Money launderer Shafique sent back to prison after second NCA investigation

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LONDON: A corrupt money transfer business owner responsible for a £5 million money laundering scheme is being sent back to prison after the National Crime Agency found he had flouted the terms of his release.

According to a National Crime Agency report, Shafiq Ahmed, 59, from Leigham Court Road, Streatham, London was today (3 November) sentenced to a year in prison at Kingston Crown Court for breaching his Serious Crime Prevention Order (SCPO). A stricter SCPO has been granted with restricted terms, and he has to forfeit a phone and two SIM cards.

Shafiq Ahmed

Ahmed was originally jailed in June 2013 for running a criminal network responsible for laundering millions of pounds from his base in Tooting, London.

Following a National Crime Agency investigation, Ahmed was sentenced at Blackfriars Crown Court to eight years in prison. He was released on licence in July 2017 having served half his sentence.

At the same court, on 23 October 2014, Ahmed was made subject to a confiscation order and told to hand over £829,427 in profits obtained through his criminal activities. An SCPO was also granted by the court, aimed at preventing him from becoming involved in serious crime again.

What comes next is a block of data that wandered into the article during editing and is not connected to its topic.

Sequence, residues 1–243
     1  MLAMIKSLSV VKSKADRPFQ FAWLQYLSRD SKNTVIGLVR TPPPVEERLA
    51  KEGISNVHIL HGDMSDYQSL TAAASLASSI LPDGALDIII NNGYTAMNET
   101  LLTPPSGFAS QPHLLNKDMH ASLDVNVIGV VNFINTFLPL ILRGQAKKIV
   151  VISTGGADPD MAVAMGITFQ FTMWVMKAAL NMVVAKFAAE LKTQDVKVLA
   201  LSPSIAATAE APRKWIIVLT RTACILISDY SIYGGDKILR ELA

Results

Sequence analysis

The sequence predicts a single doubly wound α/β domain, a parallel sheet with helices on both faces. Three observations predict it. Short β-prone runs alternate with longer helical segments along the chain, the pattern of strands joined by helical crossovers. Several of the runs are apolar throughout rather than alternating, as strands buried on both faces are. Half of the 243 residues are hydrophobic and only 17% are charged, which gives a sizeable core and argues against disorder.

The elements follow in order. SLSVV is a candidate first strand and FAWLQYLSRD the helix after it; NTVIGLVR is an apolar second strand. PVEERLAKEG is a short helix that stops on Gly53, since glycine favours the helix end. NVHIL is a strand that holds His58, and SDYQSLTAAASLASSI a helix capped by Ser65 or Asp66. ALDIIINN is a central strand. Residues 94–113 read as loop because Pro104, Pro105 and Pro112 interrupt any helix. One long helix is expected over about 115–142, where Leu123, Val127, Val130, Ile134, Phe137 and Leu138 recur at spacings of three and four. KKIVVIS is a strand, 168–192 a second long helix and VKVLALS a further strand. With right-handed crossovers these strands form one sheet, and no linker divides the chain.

The order placed restrictions on the number of bank accounts and cash he could have, as well as limiting how many mobile phones and computers he could access. It also required Ahmed to notify the NCA of any businesses he was involved in, and to share details of his home and business addresses.

However Ahmed violated the terms of his SCPO multiple times by failing to declare a range of assets. On 5 August, NCA officers arrested Ahmed and conducted a search of his home, seizing a mobile phone and SIM cards plus documentation relating to multiple undeclared accounts, companies, and properties. They also found almost £1000 in cash and multiple credit and debit cards.

Investigations found he had access to over 15 personal and business bank accounts, two of which were opened two months after he left prison. The NCA uncovered that he also did not declare interest in four properties, was a shareholder of a travel company, and director of two other businesses.

When interviewed by officers, Ahmed mostly dismissed allegations of breaching his SCPO by saying that the phones and keys to multiple houses were his daughter’s. He continued to deny responsibility for the crime he was convicted of and that laundering money facilitates other serious and organised criminality.

Alison Abbott of the NCA’s lifetime management unit said:

“Money laundering drives serious and organised crime, and the seriousness of Ahmed’s offending made it vital that he was subject to a Serious Crime Prevention Order when leaving prison.

“Ahmed tried to pull the wool over our eyes, and repeatedly claimed he did not have any formal employment or source of income. But our investigation showed that he had repeatedly breached his order. “We will use all the tools available to us, like SCPOs, to disrupt serious and organised crime.”

SCPOs are a form of civil order used to stop serious offenders having lifelong criminal careers. The orders put restrictions on offenders designed to prevent, restrict or disrupt their involvement in serious crime.